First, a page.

One of the least expensive to purchases for your job could end up costing you tens of thousands of dollars down the road. Ladders are a major source of expensive construction injuries and can reduce efficiency your workforce over time.
Ladders create increased risk of falls and falling objects as well as overexertion injuries. These injuries can result in increased insurance premiums and/or OSHA fines – the minimum starting at about $13,000. It often means that the injured worker will never be as efficient on the job. One study showed that even 3.5 years after a ladder injury, workers earned 7% less annually on average. Even worse the CDC concluded that 43% of fatal falls from 2000-2010 involved a ladder.
When you consider that in 2007 the average construction injury was $27,000, a piece of equipment so widely used, or misused like a ladder, doesn’t seem like such a great deal.
Some Quick Stats on the Costs of Using Ladders.
- More than 80% of fall injuries by construction workers that result in a visit to the emergency room involved a ladder
- Falls to a lower level that cause serious injuries result in $2.5 Billion in workers compensation direct costs to the US construction Industry.
- Ladders and scaffolding use increases the loads on arms shoulders and knees.
- Though a ladder might cost between $200-300, the average construction injury costs $27,000.
The Real Costs of Ladders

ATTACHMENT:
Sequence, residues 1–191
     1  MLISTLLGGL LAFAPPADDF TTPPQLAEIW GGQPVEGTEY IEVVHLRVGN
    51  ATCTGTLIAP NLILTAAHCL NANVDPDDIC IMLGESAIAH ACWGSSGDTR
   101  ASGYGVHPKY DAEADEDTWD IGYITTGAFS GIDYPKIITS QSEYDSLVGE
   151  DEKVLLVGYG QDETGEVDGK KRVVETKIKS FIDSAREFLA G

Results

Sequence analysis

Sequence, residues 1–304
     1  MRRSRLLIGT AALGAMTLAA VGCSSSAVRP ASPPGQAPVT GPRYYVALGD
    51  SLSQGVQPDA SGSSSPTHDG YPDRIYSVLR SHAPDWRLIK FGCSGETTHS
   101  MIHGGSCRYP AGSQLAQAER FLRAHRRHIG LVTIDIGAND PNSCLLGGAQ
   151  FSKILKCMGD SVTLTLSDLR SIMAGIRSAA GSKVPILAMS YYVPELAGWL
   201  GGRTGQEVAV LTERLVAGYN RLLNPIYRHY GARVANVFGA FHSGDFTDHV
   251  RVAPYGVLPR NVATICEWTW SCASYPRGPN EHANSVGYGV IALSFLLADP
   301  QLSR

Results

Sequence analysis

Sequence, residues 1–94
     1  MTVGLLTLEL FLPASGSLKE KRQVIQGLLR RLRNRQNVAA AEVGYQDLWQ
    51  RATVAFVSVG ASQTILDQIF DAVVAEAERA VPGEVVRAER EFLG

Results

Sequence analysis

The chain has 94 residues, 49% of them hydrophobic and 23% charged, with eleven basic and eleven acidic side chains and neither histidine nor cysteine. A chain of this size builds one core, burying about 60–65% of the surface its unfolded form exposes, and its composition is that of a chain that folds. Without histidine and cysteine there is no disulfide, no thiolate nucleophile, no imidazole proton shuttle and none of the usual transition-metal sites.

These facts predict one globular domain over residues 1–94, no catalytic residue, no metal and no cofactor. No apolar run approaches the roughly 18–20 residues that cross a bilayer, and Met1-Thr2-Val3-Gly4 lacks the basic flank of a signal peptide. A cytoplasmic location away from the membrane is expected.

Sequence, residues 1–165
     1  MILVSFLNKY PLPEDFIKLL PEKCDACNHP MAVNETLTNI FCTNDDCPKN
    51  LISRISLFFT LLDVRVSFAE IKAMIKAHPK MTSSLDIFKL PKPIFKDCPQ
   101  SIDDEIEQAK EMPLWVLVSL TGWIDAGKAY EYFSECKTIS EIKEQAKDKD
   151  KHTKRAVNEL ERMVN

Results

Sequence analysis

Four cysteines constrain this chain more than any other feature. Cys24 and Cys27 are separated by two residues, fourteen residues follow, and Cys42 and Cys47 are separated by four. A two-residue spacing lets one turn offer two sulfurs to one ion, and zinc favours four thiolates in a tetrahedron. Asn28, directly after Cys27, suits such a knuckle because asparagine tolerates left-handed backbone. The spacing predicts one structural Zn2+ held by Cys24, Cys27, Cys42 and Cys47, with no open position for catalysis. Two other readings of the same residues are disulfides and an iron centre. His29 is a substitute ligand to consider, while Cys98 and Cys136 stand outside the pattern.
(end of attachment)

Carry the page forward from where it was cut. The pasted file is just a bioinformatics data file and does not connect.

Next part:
Emergency room visits aren’t cheap. Health insurance isn’t cheap for the employer or the worker. An ambulance is very costly. Also in the time of Covid, any injury can increase the chance of exposure to the injured worker or to those trying to help him.
Ironically it doesn’t take a big fall to end up in the hospital. It is estimated that the average fall distance is 7 and a half feet. Unfortunately the average hospital stay after a ladder fall is estimated to be more than two weeks.
Falls lead to days away from work and are a leading cause of workers comp costs in the construction industry. Nearly 40% of fatal injuries are a result of falls.
Small firms tend to be much more at risk. More than 60% of fall fatalities are from firms with ten employees or less.
Inherent Problems with Ladders
Because a worker is most often carrying something with him when climbing a ladder, he is prevented from consistently having three points of contact. He is also more likely to strain, slip or trip which will lead to dropping something or a fall. Limited reach at the top of a ladder means there will always be a temptation to stretch beyond the ideal balance point. The base of a ladder is often not secured and slippage is common.
Scissor lifts to the Rescue
Scissor lifts (and other MEWPS) offer an array of advantages over ladders and come in so many flavors and sizes that they should always come to mind as offering a safer, more efficient alternative to a ladder.
Today’s scissor lifts come in small form factors including small electric and push-around versions that can fit through office doors and around corners easily. They can be used with minimal disruption in a public space with quick setup and breakdown as well as quiet operation.
Scissor lifts offer larger, more stable platforms that reduce strains and offer greater reach than ladders. Workers can access heights without the risk inherent in climbing with equipment or tools in their hands.
The Bottom Line
The risk of a costly injury goes WAY down when using a MEWP compared to a ladder. The rate of injuries using MEWPS is estimated to be 120 per year verses 93 per day for ladder injuries!
Which option is the better deal for you and your workers?